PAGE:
During the last interglacial period (130-116 thousand years ago), the climate was 5 Ã�°C warmer than it is today, says Eske Willerslev, director of the centre for ancient genetics at the University of Copenhagen in Denmark. “Sea levels were 5-6 metres higher, and most scientific models have assumed that the melting of the southern Greenland ice cap was responsible. But our data suggest that this was not the case.”

    That comment could easily be interpreted as suggesting that most models have assumed Southern Greenland alone was responsible for that sea level rise. Is that the case, or Willerslev being excessively loose with the language?

    Comment by Alex J — 14 Jul 2007 @ 8:13 PM

  159. Re #158: Alex J — Excessively loose, IMHO.

    Comment by David B. Benson — 14 Jul 2007 @ 8:22 PM

  160. Re 155: Agreed. And even if that was the case, we could start by taking high fructose corn syrup out of bread, fruit juice and innumerable other foods where they have no reason to be. Those HFCSs are suspected to play a significant role in children obesity and other health problems. Having a better use for them might save us a tobacco-like fight…

    Comment by Philippe Chantreau — 15 Jul 2007 @ 7:36 PM

  161. Hi, everyone! First of all, this is my first post. I am pretty certain that this is the wrong place for this. Although I searched the RC site I could find no mention of ‘Climate change and trace gases’ HANSEN et al. 2007. http://pubs.giss.nasa.gov/docs/2007/2007_Hansen_etal_2.pdf
    I was looking for this and wondered if there was an idiot’s guide, or at least some kind of critique to help me better understand it?

    Comment by TotallyScrewed — 16 Jul 2007 @ 7:59 AM

  162. Climate change and trace gases
    BY James Hansen, Makiko Sato, Pushker Kharecha, Gary Russell, David W. Lea, AND Mark Siddall
    Phil. Trans. R. Soc. A (2007) 365, 1925â??1954
    http://pubs.giss.nasa.gov/docs/2007/2007_Hansen_etal_2.pdf

    Equation 2.1 on page 1928 reads:

    Fe=1.15[Fa({{CO}_{2}})+1.4Fa({CH}_{4})]

    … but it should be:

    Fe=1.15[Fa({{CO}_{2}})+1.4Fa({CH}_{4})+1.15Fa({N}_{2}O)]

    Comment by Timothy Chase — 16 Jul 2007 @ 10:24 AM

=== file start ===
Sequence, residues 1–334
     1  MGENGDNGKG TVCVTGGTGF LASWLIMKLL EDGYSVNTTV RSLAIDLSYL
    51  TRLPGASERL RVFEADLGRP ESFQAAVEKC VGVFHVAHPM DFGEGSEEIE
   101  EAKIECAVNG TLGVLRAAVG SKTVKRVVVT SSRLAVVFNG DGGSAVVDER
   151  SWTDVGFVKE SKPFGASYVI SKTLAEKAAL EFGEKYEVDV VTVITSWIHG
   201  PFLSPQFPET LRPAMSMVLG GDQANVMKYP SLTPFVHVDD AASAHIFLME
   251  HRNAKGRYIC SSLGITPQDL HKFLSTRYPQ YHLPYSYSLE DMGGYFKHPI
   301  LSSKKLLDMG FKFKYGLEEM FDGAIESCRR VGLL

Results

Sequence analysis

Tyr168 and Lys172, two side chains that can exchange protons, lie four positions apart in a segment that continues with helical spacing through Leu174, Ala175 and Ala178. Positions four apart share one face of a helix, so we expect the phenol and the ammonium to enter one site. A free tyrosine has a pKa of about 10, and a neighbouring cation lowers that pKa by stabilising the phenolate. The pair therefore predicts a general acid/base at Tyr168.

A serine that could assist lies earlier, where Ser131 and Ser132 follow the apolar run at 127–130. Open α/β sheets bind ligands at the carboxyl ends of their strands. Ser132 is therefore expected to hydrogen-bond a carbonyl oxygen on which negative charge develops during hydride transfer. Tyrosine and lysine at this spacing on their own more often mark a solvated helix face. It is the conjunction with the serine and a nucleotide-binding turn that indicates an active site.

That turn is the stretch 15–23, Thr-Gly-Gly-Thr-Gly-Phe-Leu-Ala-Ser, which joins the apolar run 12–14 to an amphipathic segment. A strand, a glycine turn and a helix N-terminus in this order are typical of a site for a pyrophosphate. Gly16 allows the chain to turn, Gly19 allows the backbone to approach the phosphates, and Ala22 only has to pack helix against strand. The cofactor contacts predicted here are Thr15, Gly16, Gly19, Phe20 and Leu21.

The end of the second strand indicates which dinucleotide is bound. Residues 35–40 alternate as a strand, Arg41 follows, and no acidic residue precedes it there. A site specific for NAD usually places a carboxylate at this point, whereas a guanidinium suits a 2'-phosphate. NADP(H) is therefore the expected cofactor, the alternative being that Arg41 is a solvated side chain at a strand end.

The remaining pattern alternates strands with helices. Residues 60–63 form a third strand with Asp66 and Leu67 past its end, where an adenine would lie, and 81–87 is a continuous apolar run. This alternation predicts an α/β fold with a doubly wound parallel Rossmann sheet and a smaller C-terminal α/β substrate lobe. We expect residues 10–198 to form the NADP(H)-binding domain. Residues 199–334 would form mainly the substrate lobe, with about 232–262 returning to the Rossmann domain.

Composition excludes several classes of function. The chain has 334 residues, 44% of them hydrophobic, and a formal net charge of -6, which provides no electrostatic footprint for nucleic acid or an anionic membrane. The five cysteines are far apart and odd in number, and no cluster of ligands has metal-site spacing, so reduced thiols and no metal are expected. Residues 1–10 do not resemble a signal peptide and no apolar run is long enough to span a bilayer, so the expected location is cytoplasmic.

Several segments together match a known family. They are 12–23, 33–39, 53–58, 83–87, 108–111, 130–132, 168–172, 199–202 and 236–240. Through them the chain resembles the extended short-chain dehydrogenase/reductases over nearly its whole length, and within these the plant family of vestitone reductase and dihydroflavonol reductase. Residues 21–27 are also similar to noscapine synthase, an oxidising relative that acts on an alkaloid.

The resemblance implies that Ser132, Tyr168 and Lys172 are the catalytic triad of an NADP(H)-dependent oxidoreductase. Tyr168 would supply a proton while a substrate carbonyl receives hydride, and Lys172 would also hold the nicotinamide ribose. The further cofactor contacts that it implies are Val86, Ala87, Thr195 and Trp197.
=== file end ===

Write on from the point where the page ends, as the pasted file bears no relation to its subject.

163. Well, we know that rising sea levels are not due to Antarctic Ice melting or sea ice melting:

    Wingham, et al, Mass balance of the Antarctic ice sheet has found:

    We find that data from climate model reanalyses are not able to characterise the contemporary snowfall fluctuation with useful accuracy and our best estimate of the overall mass trend – growth of 27±29Gtyr^-1 – is based on an assessment of the expected snowfall variability. Mass gains from accumulating snow, particularly on the Antarctic Peninsula and within East Antarctica, exceed the ice dynamic mass loss from West Antarctica. The result exacerbates the difficulty of explaining twentieth century sea-level rise.

    The study went on to add that Antarctic ice build up was actually lowering the sea level by .18 mm per year.

    That brings up the accuracy of the measured sea level. Per Cazenave et al, 2003 the satellite measurement is only within 2-3 cm. To make the readings more accurate they then:

    The tide gauge calibration time series (Figure 6) is used to diagnose problems in the altimeter instrument, the orbits, the measurement corrections, and, ultimately, the final Geophysical Data Records (GDRs). Numerous improvements to the GDRs have been developed in this way and used to produce improved measurements (corrections to the official Geophysical Data Records (GDRs)), which are then recalibrated using the tide gauges.

    How ever using tide gages has problems as can be seen in
    Interannual sea level change at global and regional scales using Jason-1 altimetry http://sealevel.jpl.nasa.gov/science/invest-cazenave.html

    tide gauges have two drawbacks:
    1. their geographical distribution provides very poor sampling of the ocean basins, especially when studying the climatic signal over the past century, and
    2. they measure sea level relative to the land, hence recording vertical crustal motions that may be of the same order of magnitude as the sea level variation. High-precision satellite altimetry, in particular the TOPEX/POSEIDON mission, has demonstrated its capability to monitor sea level variations with great accuracy, high spatio-temporal resolution, global coverage of the oceans, and absolute sea level measurements in a terrestrial reference frame tied to the Earth’s center of mass [see Fu and Cazenave, 2001, for a review]. Analyses of TOPEX/POSEIDON altimetry data indicate that, in terms of global mean, sea level has risen by about two millimetres per year since early 1993 [e.g., Nerem and Mitchum, 2001a, b; Cabanes et al., 2001; see also figure 1].

    Another part of the sea level is the normal oscillation in both the Pacific and Atlantic.

    A significant fraction of this change has also been shown to arise from changes in the Southern Ocean [Cabanes et al., 2001a]. The observations also show a 15-mm rise and fall of mean sea level that accompanied the 1997-1998 El Nino-Southern Oscillation (ENSO) event [Nerem et al., 1999; White et al., 2001].